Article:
Beta Mu Chapter History – 100 Years of Excellence at U.T.
In December of 1919, eight University of Texas students, all members of Pi Kappa Alpha from other colleges, formed the Pi K A Club in order to work in unison towards procuring a charter for a chapter of Pi Kappa Alpha at the University of Texas at Austin.
Petition was formally made to the Grand Council and the charter was quickly granted. George B. Marsh, the Regional Pike Vice President, presided over the installation ceremony, and Beta Mu was formally ushered in on March 20, 1920, the following men comprising the charter membership: Howard Corbett Buckly, Ruben Washington Gray, Bertram Hedick, Caradine Ray Hooton, Frank H. Lancaster, John L. McCollough, D.H. Meek, H. Bascom Thomas, Jr.
At the time of the chartering of Beta Mu in 1920, two University of Texas faculty members, who were alums of Pi Kappa Alpha, served as early Chapter Advisors: Dr. Leonidas Warren Payne, Jr. (Upsilon, Auburn), Professor of English, and L. Theo Bellmont (Zeta, Tennessee), Director of Athletics.
Dr. Payne was an English professor at the University of Texas from 1906-1943. He was a prolific writer and a personal friend of the poets Robert Frost and Carl Sandburg. As a professor, he mentored the esteemed Texas writer J. Frank Dobie. Brother Payne’s son, Bledsoe Payne, would become Beta Mu’s first pledge and, along with two other pledges, was initiated in May 1920.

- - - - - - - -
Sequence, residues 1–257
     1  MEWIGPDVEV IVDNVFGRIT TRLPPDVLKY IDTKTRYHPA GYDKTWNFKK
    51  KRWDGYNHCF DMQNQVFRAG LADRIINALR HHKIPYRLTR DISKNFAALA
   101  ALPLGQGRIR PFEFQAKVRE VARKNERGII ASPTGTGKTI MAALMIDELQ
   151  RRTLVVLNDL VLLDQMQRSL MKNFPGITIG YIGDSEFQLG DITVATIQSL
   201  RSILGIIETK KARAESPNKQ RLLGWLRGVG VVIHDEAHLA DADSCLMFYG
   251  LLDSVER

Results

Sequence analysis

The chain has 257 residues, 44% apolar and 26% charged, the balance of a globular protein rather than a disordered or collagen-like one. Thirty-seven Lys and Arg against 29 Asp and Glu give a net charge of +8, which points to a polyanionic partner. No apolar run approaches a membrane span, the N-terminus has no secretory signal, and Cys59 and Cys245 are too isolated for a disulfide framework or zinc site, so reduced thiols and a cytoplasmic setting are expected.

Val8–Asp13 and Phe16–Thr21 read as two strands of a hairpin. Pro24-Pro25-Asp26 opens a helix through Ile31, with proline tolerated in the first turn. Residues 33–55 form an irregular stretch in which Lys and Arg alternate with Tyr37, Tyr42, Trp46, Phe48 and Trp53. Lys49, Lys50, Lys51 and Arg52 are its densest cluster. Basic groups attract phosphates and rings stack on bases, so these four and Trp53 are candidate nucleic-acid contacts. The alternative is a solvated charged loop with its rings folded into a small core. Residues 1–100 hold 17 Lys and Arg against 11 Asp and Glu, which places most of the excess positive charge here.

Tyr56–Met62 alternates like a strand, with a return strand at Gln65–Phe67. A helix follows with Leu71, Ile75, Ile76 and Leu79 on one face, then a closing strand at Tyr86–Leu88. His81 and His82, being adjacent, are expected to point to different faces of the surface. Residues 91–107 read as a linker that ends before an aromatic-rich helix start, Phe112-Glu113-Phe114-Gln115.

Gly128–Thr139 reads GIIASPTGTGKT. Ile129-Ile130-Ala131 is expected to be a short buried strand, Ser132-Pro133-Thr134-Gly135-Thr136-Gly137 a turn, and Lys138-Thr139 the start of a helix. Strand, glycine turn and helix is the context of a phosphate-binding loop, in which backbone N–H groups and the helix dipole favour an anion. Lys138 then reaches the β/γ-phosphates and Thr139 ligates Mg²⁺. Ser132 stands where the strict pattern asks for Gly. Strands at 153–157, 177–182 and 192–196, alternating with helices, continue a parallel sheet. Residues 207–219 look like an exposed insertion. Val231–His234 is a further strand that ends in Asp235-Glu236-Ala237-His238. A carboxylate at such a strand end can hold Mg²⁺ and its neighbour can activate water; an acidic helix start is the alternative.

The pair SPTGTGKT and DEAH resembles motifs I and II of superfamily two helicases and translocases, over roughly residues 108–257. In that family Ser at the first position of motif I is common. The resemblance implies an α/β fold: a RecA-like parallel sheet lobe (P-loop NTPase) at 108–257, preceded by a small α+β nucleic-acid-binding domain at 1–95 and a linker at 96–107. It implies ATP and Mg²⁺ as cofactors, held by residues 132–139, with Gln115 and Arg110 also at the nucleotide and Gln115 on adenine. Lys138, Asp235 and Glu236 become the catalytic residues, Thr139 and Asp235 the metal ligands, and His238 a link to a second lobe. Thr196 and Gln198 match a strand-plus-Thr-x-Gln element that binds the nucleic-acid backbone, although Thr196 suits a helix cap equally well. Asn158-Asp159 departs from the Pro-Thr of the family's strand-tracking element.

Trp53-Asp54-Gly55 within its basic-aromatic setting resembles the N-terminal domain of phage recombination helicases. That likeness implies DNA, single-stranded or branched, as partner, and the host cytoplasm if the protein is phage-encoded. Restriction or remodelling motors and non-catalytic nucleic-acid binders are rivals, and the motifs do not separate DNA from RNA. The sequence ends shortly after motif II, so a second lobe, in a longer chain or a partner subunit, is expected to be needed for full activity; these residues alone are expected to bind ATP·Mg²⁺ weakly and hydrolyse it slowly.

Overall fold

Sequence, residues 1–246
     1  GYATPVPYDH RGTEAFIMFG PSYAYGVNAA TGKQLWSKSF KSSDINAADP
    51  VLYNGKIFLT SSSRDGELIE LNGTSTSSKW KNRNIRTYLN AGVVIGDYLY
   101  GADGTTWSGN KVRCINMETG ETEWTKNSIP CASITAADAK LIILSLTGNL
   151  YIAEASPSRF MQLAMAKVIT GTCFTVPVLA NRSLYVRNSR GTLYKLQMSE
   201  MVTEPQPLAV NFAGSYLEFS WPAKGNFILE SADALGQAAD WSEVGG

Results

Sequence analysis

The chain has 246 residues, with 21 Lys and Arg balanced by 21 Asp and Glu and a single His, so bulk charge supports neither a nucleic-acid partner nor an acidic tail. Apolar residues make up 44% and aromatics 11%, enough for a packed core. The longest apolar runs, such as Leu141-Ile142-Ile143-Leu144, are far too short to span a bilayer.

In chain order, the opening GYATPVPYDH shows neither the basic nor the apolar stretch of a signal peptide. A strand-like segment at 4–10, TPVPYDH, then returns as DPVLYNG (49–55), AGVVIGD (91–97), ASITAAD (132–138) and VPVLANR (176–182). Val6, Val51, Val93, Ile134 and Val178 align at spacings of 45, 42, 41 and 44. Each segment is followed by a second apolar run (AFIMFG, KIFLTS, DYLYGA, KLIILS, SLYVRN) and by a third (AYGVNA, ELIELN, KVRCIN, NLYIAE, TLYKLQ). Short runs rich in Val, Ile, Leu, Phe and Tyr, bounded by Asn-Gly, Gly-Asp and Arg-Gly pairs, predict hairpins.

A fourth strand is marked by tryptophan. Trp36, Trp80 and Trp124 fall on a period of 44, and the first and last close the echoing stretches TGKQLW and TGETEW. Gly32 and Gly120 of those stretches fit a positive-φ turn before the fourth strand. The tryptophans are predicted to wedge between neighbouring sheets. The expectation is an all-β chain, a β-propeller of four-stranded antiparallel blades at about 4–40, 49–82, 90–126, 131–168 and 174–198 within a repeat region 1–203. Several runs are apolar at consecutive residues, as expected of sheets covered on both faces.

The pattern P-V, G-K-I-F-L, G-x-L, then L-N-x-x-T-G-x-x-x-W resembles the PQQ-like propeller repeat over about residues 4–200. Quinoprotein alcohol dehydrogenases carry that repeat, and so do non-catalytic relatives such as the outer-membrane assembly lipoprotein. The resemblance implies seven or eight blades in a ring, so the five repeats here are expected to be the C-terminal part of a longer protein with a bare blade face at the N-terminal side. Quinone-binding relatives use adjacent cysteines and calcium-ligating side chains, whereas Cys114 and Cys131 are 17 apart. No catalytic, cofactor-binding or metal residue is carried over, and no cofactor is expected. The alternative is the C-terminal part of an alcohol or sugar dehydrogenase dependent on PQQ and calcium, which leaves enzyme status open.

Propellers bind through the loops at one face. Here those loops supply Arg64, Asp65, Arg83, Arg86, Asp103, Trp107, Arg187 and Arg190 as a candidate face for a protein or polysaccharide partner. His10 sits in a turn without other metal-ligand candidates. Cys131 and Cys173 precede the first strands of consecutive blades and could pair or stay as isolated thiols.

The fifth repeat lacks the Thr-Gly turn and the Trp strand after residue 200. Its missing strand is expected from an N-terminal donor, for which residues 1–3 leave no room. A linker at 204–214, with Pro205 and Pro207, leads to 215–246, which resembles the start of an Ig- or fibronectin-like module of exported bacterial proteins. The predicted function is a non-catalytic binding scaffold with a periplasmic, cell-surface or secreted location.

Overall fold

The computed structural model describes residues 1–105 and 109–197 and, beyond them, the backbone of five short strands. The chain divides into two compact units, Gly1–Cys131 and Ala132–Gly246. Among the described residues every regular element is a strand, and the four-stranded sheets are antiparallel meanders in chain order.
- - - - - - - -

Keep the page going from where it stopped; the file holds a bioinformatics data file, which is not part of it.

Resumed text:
L. Theo Bellmont was a professor of Health and Education and became UT’s first Director of Athletics in 1913. He started the Cotton Bowl game with Oklahoma University, organized the Southwest Conference in 1915, was the visionary for the Texas Relays and he organized the funding for Memorial Stadium in 1923. He served as Director of Athletics from 1913-1929 and continued to serve on the UT Faculty in the College of Arts & Sciences until 1952. Bellmont Hall was named in his honor in 1973.
Founded just after the conclusion of World War I, Beta Mu Chapter has continuously endured through the Great Depression of the 1930s and through World War II and the 1940s. The fraternity grew in the 1950s. The 1960s and 70s were a tumultuous time in the nation’s history but the culture of Beta Mu persevered and thrived. Beta Mu is celebrating its 100th year at UT in 2020. With new, committed members and loyal alumni she will remain forever strong.